3 MIN. DE LECTURA
* FTSEurofirst hits lowest since late August
* Fiat slumps on report of lawsuit over falsified US sales
* Tesco outshines after strong sales figures (Adds details, updates prices)
By Danilo Masoni
MILAN, Jan 14 (Reuters) - European shares fell sharply on Thursday after two sessions of gains, with sentiment depressed by continued weakness in oil prices - which briefly dipped below $30 - and worries over global economic growth.
The pan-European FTSEurofirst 300 to its lowest intraday level since late August following a Reuters report saying many European Central Bank policy makers are sceptical about the need for further near-term policy action.
"Expectations of more ECB help were growing. But news like this is a cold shower for such expectations in a climate already (made nervous) by the China situation, geopolitical tensions in Korea and this morning's attacks in Jakarta," said Marco Vailati, head of research at Italy's Cassa Lombarda.
By 0933 GMT, the FTSEurofirst 300 was down 2.3 percent at 1,323.65 points, having earlier hit 1,315.37, its lowest level since Aug. 24.
Fiat Chrysler was the steepest loser, falling more than 7 percent with traders citing a report in Automotive News saying two U.S. car dealerships had filed a lawsuit accusing the carmaker of falsifying sales.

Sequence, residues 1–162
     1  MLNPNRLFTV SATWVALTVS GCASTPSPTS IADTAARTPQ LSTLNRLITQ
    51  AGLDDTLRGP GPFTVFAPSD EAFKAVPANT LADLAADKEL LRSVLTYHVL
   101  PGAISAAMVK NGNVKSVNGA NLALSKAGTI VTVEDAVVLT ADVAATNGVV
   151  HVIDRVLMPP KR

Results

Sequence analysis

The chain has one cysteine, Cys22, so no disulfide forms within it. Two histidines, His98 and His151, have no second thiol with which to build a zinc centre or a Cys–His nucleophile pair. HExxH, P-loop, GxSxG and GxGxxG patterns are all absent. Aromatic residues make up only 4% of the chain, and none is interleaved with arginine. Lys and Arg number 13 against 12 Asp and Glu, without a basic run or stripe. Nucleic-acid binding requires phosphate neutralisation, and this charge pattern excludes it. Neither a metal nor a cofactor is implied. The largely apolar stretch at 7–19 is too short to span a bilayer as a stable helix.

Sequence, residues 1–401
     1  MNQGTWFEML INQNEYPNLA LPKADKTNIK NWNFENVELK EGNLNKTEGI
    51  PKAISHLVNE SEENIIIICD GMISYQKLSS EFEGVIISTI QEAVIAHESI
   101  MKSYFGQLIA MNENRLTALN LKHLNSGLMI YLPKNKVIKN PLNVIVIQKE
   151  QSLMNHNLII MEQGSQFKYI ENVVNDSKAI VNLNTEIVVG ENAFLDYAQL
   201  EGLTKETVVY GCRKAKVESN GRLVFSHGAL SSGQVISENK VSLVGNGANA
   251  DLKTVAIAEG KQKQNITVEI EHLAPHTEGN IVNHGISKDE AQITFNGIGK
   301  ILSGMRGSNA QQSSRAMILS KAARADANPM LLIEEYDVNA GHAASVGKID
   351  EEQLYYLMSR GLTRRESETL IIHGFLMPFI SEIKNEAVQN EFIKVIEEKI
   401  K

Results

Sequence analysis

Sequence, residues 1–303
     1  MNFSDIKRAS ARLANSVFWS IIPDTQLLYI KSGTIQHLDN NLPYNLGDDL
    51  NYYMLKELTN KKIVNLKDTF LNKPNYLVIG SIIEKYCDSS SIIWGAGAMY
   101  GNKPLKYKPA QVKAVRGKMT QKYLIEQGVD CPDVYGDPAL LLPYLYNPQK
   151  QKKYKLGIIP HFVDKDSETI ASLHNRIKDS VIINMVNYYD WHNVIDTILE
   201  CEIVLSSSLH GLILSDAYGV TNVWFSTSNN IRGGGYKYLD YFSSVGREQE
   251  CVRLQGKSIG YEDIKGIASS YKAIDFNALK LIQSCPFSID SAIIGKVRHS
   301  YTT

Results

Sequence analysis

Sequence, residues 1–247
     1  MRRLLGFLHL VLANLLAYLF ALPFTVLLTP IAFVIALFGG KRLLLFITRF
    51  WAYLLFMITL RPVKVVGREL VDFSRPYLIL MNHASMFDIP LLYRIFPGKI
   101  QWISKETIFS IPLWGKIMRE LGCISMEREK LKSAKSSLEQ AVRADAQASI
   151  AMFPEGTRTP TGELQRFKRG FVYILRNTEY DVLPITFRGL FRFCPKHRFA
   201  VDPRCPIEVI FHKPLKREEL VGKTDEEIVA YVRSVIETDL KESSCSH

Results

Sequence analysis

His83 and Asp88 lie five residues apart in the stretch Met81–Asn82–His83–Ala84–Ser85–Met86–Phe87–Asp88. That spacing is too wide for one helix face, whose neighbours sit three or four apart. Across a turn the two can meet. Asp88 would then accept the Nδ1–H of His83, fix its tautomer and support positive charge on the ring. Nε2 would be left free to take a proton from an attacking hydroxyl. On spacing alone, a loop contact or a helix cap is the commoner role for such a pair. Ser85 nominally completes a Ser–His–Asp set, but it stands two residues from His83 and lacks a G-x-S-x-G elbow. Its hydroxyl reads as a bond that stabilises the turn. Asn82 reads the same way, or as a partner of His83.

The company denied the lawsuit had been served in a statement to the industry news site.
Weaker than expected results sent Swiss chocolate maker Lindt & Spruengli down 3.6 percent, while Richemont fell 2.4 percent after the Cartier owner said business was likely to remain challenging following a 4 percent quarterly sales drop.
Tesco was the top performer, climbing 5.3 percent after lower prices and more staff helped the British supermarket chain post a better-than-expected result over the Christmas period.
"Tesco further underscores a good UK superstore festive season," Shore Capital analyst Clive Black said.
Mining giant BHP Billiton rose 1.4 percent after upgrades from brokerage firms Morgan Stanley and Citi.
Today's European research round-up (Reporting by Danilo Masoni; editing by John Stonestreet)